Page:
Thomas Henry Huxley

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Noun1.Thomas Henry Huxley - English biologist and a leading exponent of Darwin's theory of evolution (1825-1895)Thomas Henry Huxley - English biologist and a leading exponent of Darwin's theory of evolution (1825-1895)
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References in periodicals archive ?
Beginning with the concept of God and the origin of the universe, the author contends that some creative writers like Thomas Henry Huxley, nicknamed Darwin's 'bulldog,' wanted to replace the old Christian theology with the new scientific theology of Darwinism.
Hale provides a nice account of Wallace's often overlooked address to London's Anthropological Society that attempted to reconcile its avowed polygenism with the monogenism espoused in Darwin and Thomas Henry Huxley's Ethnological Society.
Among the topics are Alexander the Great's confidence in his physician Philip of Acarnania, Maimonides, Ambrose Pare as an apprentice barber-surgeon in a busy shop in Paris, Oliver Wendell Holmes, Thomas Henry Huxley, Dieflafoy with his assistants and students during a lecture at the Hftel-Dieu, and the Eagle simulator for training anesthesia students at the Chelsea and Westminster Hospital in London.
The word agnostic owes its origin to a particular occasion on the evening of April 21, 1869, when it was coined by the English biologist Thomas Henry Huxley at an organizational meeting of the Metaphysical Society.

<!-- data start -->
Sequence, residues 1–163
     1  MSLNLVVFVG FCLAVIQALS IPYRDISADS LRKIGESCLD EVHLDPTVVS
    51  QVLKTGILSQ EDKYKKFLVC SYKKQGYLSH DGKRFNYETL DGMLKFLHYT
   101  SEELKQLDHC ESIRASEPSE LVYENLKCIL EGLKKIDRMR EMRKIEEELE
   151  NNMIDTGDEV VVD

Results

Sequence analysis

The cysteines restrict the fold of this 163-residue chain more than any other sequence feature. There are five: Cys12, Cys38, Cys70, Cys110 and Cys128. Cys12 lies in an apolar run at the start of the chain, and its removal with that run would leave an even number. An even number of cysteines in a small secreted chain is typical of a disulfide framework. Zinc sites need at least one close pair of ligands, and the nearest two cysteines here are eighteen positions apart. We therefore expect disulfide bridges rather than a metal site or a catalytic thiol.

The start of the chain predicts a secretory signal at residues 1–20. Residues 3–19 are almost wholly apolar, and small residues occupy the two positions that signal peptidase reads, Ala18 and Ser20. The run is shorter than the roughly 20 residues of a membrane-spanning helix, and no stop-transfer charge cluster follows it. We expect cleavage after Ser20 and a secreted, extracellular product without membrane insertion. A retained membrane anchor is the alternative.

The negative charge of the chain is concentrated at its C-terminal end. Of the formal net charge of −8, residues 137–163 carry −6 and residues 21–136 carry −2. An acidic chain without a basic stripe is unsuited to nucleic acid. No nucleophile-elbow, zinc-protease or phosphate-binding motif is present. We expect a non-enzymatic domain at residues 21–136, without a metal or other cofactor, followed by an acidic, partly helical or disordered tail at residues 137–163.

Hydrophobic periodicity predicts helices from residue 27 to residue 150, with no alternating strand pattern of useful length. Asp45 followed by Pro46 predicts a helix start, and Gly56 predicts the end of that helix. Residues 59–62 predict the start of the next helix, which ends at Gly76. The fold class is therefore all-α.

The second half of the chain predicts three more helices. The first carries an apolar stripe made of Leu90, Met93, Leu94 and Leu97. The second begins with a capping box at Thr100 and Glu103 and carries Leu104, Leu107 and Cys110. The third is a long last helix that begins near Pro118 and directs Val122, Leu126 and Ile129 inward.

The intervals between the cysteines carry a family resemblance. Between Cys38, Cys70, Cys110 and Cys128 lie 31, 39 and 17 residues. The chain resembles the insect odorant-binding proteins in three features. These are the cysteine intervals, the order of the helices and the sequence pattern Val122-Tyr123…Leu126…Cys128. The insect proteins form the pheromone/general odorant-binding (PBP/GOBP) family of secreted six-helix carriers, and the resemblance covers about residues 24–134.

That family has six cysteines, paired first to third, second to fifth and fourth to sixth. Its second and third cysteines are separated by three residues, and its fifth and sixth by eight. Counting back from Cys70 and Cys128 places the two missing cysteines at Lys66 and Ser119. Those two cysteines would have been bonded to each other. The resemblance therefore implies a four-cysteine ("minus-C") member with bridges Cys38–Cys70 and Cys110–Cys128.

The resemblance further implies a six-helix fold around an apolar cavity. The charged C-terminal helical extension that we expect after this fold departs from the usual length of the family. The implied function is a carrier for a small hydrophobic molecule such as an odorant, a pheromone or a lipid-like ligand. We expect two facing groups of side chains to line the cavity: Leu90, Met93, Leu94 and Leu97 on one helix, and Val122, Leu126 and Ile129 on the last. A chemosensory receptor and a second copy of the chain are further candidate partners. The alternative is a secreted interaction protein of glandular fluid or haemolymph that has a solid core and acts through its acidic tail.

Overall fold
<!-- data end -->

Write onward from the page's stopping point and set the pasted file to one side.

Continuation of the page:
He surveys the development of this widespread mythos from Hesiod to Thomas Henry Huxley to present-day environmental disasters.
Thomas Henry Huxley, one of Darwin's strongest advocates, proposed a close relationship between birds and small, meat-eating dinosaurs, or theropods.
Next Lessl transports the reader into the world of nineteenth-century English biologist and anatomist Thomas Henry Huxley, a contemporary of Darwin.
Darwin's "solution" to the dilemma posed by his own theory was, ultimately, the same position held by his "bulldog," Thomas Henry Huxley, who coined the word "agnostic," and John Stuart Mill, the famous l9th-century philosopher and staunch defender of Utilitarianism.
According to Thomas Henry Huxley, in fact, science was extremely useful in the very material products it could furnish to the individual in everyday life, in the simple occasions of his daily actions.
Describing their subjects' lives, careers, writings, and ideas, the profiles are arranged chronologically, from Thomas Henry Huxley, Friedrich Nietzsche, and Clarence Darrow, through Madalyn Murray O'Hair, Gore Vidal, Richard Dawkins, and Christopher Hutchins.
Priests were, however, the bane of more scholarly individuals like Thomas Henry Huxley and were largely forced out of the new "professional" scientific societies by midcentury.